Learn more


Aromatherapy and Asthma: Do They Work?

Asthma is an incurable disease that affects as many as 20% of children in Singapore. Some of them may "grow out" of their asthma as they age, dropping the figures to about 5% of adults having to live with asthma for the rest of their lives. Although there has been a decline in asthma deaths from the 90s due to the rising use of inhalers and steroids, the is still a significant number of asthmatics who are not receiving regular checkups or do not have proper measures such as a rescue inhaler in case of a sudden asthma attack.

Although most patients are able to work normally with asthma, a small proportion may find their symptoms worsen due to exposure to certain allergens at work (eg. paints, petrol, flour). Sadly, this limits them from being able to work in certain industries as day-to-day or even acute exposure to these allergens can be extremely dangerous for these asthma patients. There is also an exercise-induced form of asthma which is uncommon, but it happens when some asthmatics feel dangerously breathless during exercise. When this happens, it is wise to stop exercising immediately and seek treatment.

Asthma Triggers

Not all asthmatics share the same triggers. They can have only one trigger (good for them!) which they need to be mindful of, or they may have multiple triggers to a varying degree. For those who have multiple triggers or even allergies, it's important to keep a diary of your symptoms in relation to the triggers and have them evaluated by a doctor. There have been cases where skin or food allergies ended up bringing up asthma symptoms. This is also called allergy-induced asthma.

Some of the common triggers include:

  • dust mites
  • pet fur
  • pollen
  • mould
  • tobacco smoke
  • haze
  • perfume
  • cold air
  • medication
  • citrus fruits
  • exercise

It is not a comprehensive list since triggers can extend to almost any possible thing, even foods. There is one trigger that's hugely unaccustomed, and that is volatile organic compounds. Also known as essential oils.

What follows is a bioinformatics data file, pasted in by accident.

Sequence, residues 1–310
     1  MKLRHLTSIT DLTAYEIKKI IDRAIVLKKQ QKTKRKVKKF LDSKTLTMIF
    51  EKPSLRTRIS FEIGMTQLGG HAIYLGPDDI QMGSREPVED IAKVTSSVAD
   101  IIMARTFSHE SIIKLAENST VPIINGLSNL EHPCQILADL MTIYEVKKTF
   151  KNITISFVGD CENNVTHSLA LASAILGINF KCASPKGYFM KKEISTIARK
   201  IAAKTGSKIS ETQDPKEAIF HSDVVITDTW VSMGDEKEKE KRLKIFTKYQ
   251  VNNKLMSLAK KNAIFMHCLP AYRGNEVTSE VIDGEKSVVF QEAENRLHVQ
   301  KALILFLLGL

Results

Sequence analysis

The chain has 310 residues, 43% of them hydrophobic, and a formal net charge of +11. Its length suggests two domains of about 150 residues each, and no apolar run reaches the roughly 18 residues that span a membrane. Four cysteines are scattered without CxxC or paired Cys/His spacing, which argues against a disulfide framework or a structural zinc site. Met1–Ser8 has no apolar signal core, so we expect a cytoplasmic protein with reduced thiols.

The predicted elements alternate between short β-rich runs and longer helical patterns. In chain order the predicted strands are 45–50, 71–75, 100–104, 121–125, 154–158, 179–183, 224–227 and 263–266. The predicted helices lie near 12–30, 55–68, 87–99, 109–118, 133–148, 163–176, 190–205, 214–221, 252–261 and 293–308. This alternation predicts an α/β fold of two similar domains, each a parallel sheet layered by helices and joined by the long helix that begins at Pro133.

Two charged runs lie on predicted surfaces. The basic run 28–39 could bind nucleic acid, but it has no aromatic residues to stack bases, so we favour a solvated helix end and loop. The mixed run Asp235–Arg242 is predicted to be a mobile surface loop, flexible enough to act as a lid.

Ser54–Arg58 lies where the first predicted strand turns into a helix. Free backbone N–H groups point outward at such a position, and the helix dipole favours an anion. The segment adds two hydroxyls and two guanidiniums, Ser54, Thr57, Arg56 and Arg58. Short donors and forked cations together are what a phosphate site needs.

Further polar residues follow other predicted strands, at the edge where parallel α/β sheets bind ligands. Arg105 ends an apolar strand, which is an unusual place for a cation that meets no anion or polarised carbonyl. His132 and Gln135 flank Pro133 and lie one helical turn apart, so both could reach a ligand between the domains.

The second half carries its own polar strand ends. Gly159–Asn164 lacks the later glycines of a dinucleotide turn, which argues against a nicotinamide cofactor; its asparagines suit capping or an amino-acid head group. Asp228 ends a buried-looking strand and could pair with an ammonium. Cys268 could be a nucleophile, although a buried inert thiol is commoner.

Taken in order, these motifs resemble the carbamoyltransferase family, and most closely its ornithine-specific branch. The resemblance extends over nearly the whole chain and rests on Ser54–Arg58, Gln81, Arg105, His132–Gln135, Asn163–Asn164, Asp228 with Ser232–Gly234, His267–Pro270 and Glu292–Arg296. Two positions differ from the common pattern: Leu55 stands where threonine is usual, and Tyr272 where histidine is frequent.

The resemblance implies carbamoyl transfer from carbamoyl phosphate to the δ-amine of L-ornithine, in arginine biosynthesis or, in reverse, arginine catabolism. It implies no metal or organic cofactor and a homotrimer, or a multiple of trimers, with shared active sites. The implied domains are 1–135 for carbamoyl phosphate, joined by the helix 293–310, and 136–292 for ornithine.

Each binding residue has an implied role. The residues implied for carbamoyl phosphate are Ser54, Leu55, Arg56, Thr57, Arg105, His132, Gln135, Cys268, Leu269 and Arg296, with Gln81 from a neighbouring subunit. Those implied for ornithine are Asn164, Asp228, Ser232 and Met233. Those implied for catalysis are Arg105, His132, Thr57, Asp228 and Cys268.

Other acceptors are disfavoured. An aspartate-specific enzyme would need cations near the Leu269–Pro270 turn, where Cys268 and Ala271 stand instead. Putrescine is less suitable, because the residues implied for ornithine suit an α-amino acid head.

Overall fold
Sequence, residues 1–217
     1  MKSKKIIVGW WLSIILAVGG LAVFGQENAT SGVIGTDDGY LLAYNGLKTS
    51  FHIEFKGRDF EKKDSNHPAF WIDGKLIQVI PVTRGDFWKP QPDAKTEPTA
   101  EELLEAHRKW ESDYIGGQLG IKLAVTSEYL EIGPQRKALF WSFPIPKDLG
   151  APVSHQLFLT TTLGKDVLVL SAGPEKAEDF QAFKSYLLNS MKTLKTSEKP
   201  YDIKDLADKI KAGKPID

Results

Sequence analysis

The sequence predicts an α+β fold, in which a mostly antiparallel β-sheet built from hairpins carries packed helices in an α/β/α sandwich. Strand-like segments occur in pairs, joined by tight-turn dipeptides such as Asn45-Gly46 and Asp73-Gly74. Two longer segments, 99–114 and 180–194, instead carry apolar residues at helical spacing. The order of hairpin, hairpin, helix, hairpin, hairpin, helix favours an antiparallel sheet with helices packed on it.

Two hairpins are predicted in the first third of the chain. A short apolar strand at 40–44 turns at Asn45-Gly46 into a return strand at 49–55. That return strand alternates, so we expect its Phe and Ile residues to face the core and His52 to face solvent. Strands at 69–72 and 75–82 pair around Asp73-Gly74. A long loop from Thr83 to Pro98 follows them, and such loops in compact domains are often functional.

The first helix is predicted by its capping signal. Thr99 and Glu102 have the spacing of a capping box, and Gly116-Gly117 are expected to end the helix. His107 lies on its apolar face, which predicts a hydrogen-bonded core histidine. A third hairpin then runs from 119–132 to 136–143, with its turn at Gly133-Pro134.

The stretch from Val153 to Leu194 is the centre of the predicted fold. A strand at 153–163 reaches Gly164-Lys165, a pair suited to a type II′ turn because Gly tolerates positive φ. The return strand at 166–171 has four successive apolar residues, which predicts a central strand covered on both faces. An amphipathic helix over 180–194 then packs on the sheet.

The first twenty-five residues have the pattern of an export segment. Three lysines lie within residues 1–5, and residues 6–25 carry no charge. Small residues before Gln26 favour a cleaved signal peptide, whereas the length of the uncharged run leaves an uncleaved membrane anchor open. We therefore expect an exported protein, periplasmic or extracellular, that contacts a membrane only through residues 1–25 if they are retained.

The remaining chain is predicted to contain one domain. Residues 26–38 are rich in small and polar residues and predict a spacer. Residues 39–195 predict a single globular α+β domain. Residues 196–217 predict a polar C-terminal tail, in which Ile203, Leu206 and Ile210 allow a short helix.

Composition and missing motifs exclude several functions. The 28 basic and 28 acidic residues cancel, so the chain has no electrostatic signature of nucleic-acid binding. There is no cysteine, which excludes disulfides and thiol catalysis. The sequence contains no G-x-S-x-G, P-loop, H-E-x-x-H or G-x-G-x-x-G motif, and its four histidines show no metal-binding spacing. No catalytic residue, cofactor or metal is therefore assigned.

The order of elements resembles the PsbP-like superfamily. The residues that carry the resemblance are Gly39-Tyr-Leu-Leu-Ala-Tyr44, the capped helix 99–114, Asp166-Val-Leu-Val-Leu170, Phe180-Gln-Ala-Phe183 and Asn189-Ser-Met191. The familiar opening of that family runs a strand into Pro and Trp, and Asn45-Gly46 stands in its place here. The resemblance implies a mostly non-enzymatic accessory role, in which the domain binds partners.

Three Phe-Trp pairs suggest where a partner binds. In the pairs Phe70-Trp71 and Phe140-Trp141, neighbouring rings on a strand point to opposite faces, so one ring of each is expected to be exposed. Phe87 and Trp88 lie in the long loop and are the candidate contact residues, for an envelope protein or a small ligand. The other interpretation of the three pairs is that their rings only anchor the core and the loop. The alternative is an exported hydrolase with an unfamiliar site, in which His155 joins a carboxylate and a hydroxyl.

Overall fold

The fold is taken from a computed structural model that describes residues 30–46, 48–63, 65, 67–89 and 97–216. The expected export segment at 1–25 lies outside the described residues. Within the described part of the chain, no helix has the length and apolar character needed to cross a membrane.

Can Essential Oils trigger asthma?

The use of essential oils is mainly for calming the mind after a hard day's work or to open and release emotional blocks and pent up frustration. Essential oils can also be used as a sleep aid for those who have trouble sleeping, as an immunity booster during the haze period or a way to generate positivity in the environment. But, when you have asthma, can essential oils still work for you?

As mentioned, essential oils being a possible asthma trigger, there is still a risk of an asthma attack when exposed to them, although the risk is low, it also does not mean that there is no risk, so it is best to be cautious when using essential oils for the first time.

It is important to note, however, that essential oils should not be used as a replacement to medication for asthma, neither can essential oils treat or eradicate asthma symptoms. There should still be some medical measures in place in the event of an asthma attack. But on the bright side, essential oils can be used in homes or office settings to help improve the overall immunity of the area, that is only if you have already struck off essential oils as a possible asthma trigger, then it's okay to say that you can be exposed to essential oils without triggering your asthma attacks. But always bear in mind that using essential oils with asthma still carries a substantial amount of risk for different individuals.

Here are some essential oils that can offer some health benefits, even for people with asthma.

Peppermint: The methanol present in peppermint helps to relax and protect the airways.It may also help people with asthma to breathe easily.

Lavender:Its anti-inflammatory properties reduce inflammation in the bronchial airways.

Eucalyptus: An effective cold & flu remedy. Strengthens the respiratory system.

Tea Tree: Reduces skin inflammation which in turns reduces the inflammation that occurs as a result.